Evidence from a toxicologist challenged Derek Chauvin’s attorney’s claims that George Floyd overdosed on fentanyl.


A forensic toxicologist at the lab that tested George Floyd’s blood said it was common for drunk driving suspects who used fentanyl to have higher levels of the drug in their system than Mr. Floyd at his death. Prosecutors were hoping his testimony would deal a blow to Derek Chauvin’s attorney’s argument that Mr. Floyd’s death may have been an overdose.

Toxicologist Dr. Daniel Isenschmid works at NMS Labs in Pennsylvania and testified on the ninth day of the trial against Mr. Chauvin, who was charged with murder upon Mr. Floyd’s death. Out of more than 2,300 blood samples from drunk drivers that NMS Labs tested last year – all in cases where the driver survived and tested positive for fentanyl – about a quarter of people had equal or equal fentanyl levels. higher than Mr. Floyd’s, said Dr. Isenschmid.

Prosecutors had called him to the stand to rebut Mr. Chauvin’s attorney’s argument that fentanyl, a strong opioid, caused Mr. Floyd’s overdose. Prosecutors claim Mr Chauvin is responsible for Mr Floyd’s death, and earlier Thursday a pulmonologist said Mr Chauvin’s knees on Mr Floyd’s neck and back were major factors in his death .

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Dr Isenschmid said that last year, in cases where NMS Labs tested the blood of a deceased person who had taken fentanyl, the average amount scientists found was 16.8 nanograms per milliliter, or about 50% more than the amount found in Mr. Floyd’s. some blood. But Mr Chauvin’s attorney, Eric J. Nelson, noted that the average was among people who had died of any cause and had fentanyl in their system, not just overdoses. And, he pointed out, the median fentanyl level in that group was slightly lower than Mr. Floyd’s.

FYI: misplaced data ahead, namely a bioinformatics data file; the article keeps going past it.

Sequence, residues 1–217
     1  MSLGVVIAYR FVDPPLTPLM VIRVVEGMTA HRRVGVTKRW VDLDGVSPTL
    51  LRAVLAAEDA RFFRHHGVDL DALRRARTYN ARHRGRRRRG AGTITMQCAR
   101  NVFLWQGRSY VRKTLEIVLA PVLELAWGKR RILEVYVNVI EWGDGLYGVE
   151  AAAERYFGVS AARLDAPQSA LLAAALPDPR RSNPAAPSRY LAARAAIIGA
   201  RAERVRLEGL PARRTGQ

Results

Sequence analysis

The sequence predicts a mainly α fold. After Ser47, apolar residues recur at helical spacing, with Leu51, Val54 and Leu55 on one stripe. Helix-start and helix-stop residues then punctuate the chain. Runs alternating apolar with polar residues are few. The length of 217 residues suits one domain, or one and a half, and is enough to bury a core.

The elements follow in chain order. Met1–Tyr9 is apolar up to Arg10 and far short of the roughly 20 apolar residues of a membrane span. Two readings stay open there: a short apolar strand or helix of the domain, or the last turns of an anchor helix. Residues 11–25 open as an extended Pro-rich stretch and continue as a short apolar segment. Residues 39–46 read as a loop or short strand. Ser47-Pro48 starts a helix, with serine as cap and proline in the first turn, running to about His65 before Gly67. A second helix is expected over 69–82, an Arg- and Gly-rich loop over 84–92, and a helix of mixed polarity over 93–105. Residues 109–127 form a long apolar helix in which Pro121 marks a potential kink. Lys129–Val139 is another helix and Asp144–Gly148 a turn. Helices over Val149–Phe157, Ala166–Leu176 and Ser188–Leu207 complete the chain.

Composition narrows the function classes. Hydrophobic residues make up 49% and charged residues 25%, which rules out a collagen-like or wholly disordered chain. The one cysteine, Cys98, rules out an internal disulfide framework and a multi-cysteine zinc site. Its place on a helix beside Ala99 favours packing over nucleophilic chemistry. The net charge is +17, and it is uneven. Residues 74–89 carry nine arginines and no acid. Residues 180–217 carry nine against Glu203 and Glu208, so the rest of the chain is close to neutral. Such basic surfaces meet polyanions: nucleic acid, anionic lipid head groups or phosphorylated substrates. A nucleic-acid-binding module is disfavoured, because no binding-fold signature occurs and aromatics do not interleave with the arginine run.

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The testimony of Dr Isenschmid, who previously worked as the chief toxicologist at the Wayne County Medical Examiner’s Office in Detroit, was among the most technical to date, but jurors seemed attentive, according to a reporter from the courtroom. hearing.

He said that when a person’s body turns fentanyl, it turns into norfentanyl, and Mr. Floyd had a relatively high proportion of norfentanyl, indicating that his body had already processed a significant portion of fentanyl. This reinforced prosecutors’ argument that Mr. Floyd had not overdosed; Fentanyl overdoses often occur soon after taking the medicine, before a person’s body can break down much of the medicine.

But Dr Isenschmid admitted, in response to Mr Nelson, that it was also possible that Mr Floyd took and treated fentanyl earlier in the day and then consumed more in the moments leading up to or during the arrest. . Toxicological results, Dr Isenschmid said, do not indicate when a specific amount of fentanyl was taken.

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Mr Nelson pointed out that pills which carried Mr Floyd’s TBEN and which could have been partially ingested were found in the back of the police car in which Mr Floyd was briefly placed.

Still, Dr Isenschmid said the same amount of fentanyl can have very different effects in a new user compared to someone who is addicted to the drug. Mr. Floyd’s girlfriend said that she and Mr. Floyd both had difficulty quitting opioids.

“If a person becomes tolerant to a drug, they need it more and more to achieve the desired effect,” said Dr Isenschmid.

Methamphetamine was also found in Mr Floyd’s system, although Dr Isenschmid said the levels were so low they likely had no intoxicating effect.